“How am I going to add another thing to my schedule? What’s the point of social media anyway?” Often, this is the thought that tumbles through the minds of overworked pastors when they look at their overworked Outlook. I mean, who’s got time to tweet when there’s a wedding to plan, a baby to baptize, and a sermon to write?
- Set online office hours. This is an experiment I’ve been conducted off-and-on for the better part of four years. I have set hours where I’ll be in my “office” (a website I’ve setup where people can ask questions and video chat with me), ready to interact with anyone and everyone. You’ll most likely want to pair this with regular office hours, but this is a way to be accessible and still maintain your sanity. For more on office hours, read this post I wrote on my initial findings.
- Set a time-limit on social media. Give yourself five minutes a day to answer as many tweets as you can. Take 15 minutes at the start of each day to update your Facebook status and wish everyone in your congregation a happy birthday. You may not get everyone, but you can get to some. And that counts. All without having to sacrifice your schedule at the social media altar.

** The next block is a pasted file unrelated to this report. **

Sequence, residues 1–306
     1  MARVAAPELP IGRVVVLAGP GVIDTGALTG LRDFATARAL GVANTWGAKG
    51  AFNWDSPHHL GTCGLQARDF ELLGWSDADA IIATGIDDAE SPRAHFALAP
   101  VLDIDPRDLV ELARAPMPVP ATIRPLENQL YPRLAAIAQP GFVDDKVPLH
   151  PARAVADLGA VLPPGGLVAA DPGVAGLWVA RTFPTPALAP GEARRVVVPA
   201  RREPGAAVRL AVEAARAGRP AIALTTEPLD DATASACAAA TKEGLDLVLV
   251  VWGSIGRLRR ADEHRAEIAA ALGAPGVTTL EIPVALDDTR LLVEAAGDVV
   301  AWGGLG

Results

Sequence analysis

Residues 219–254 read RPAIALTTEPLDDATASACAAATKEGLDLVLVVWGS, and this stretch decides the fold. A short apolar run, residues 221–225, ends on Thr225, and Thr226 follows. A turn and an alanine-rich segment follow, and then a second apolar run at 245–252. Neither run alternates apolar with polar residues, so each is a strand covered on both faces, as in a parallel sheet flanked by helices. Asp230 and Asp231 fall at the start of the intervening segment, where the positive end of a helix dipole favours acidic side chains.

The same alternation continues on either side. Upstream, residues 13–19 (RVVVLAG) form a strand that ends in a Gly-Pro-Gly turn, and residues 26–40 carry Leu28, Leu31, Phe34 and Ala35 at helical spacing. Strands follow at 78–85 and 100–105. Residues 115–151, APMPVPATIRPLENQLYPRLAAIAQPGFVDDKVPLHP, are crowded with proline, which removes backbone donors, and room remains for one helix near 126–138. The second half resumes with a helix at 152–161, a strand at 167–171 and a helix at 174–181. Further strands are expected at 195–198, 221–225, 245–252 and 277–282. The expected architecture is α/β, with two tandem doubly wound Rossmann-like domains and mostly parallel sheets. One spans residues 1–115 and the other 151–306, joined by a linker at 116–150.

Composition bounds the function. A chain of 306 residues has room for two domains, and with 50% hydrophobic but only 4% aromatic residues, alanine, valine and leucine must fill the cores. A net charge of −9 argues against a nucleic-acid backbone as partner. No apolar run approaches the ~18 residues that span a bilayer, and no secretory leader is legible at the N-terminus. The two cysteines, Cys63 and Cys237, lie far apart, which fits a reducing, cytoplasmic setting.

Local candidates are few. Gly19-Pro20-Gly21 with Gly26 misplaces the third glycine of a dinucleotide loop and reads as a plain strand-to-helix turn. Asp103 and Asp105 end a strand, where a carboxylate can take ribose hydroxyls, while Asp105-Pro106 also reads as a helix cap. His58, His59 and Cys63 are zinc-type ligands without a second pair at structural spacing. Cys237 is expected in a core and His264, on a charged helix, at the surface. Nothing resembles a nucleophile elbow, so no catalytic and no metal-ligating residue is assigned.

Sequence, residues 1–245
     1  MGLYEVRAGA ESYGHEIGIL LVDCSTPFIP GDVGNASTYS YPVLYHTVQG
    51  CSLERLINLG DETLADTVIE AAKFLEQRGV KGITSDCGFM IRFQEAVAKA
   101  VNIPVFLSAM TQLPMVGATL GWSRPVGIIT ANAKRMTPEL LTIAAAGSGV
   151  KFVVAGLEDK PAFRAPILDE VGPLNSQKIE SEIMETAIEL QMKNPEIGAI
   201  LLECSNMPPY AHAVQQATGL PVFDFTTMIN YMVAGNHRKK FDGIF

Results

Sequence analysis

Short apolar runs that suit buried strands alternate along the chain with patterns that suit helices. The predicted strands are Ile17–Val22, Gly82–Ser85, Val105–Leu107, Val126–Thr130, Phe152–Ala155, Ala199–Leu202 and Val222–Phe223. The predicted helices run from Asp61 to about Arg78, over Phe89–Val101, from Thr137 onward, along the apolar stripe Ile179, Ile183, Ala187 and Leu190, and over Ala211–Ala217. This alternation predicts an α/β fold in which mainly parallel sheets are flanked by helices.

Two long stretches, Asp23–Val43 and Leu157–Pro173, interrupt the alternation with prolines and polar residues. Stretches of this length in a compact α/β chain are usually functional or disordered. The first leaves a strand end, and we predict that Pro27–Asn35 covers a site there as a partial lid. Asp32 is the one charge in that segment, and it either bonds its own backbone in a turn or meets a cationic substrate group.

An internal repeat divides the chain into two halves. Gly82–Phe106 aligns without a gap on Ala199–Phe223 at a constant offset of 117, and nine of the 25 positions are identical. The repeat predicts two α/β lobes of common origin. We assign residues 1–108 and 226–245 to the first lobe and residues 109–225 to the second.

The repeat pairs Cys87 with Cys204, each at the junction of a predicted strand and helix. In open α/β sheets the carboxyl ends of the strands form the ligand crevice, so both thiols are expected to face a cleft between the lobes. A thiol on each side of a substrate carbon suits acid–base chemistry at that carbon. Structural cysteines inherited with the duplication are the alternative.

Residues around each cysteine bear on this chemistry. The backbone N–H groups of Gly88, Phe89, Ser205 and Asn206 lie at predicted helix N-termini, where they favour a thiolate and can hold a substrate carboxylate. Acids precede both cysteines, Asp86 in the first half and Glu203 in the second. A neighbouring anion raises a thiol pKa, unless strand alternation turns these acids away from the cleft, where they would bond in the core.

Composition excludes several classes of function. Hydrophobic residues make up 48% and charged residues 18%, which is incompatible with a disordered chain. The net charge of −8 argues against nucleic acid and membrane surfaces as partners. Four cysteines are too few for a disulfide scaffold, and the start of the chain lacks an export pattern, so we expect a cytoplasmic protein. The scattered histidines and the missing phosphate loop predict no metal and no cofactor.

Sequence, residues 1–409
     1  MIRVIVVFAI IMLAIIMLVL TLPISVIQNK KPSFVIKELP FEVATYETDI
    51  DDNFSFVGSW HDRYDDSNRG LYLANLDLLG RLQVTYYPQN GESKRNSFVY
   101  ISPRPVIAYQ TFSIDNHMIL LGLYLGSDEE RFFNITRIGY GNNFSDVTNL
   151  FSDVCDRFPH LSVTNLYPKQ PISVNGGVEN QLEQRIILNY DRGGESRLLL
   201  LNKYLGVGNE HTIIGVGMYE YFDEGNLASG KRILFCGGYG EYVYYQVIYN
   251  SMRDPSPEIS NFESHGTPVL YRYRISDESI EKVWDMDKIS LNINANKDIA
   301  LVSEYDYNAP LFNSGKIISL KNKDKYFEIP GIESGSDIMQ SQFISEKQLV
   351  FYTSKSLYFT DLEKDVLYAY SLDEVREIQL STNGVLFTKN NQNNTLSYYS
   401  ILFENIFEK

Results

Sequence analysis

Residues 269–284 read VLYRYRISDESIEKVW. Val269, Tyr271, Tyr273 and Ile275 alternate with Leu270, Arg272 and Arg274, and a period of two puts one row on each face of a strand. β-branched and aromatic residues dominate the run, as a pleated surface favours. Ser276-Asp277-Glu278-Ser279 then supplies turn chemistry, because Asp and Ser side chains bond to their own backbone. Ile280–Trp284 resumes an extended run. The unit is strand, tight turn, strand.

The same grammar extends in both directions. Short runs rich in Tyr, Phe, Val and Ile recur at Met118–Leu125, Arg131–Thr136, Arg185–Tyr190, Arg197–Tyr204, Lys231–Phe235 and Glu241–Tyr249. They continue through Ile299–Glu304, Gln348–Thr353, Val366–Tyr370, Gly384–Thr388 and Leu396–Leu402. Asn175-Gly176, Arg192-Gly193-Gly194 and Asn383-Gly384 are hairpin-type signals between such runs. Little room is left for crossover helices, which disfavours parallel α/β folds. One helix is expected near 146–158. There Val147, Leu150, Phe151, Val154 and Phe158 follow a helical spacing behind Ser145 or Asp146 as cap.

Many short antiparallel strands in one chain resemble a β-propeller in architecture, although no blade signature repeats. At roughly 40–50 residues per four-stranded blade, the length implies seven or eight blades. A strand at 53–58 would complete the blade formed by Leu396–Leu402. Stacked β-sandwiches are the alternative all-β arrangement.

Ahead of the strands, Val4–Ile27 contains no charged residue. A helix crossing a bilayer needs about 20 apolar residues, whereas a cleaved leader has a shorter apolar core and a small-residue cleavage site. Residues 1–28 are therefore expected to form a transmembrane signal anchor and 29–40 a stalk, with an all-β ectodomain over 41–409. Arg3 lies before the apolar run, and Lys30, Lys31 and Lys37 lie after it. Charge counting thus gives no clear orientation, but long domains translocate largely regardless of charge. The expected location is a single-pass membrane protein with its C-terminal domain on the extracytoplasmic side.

- Create an email policy. That’s right, tell people when you’ll be responding to emails. I know folks who have a permanent out-of-office reminder on that says, “I’m answering emails today at 11a and 4p. Please allow 24-48 hours for a response.” The terms can be yours, but be proactive in setting the expectation when you’ll be getting back to people.
- Adopt the “three sentences” rule. Speaking of email, one of my favorite websites is three.sentenc.es. The basic premise? Make your emails short. Like, three-sentences-or-less short. If you need to write a longer email than that, pick up the phone. Brevity is beautiful.
- Observe a “tech Sabbath”. In my house, I stay off social mediums from sun-down on Saturday to 5p on Sunday. It gives me a chance to breath a bit and take in the natural surroundings (i.e. my family, nature, football, etc.) around me. It’s refreshing, to say the least.
- Bonus: Create your own!
As you can see, all of these rules are about proactively setting the terms for which you will interact with technology. Not the other way around. Your life as a pastor is already hectic enough. Don’t let the digital tidal wave crash on your life without a fight. (And wear a poncho, for Pete’s sake!)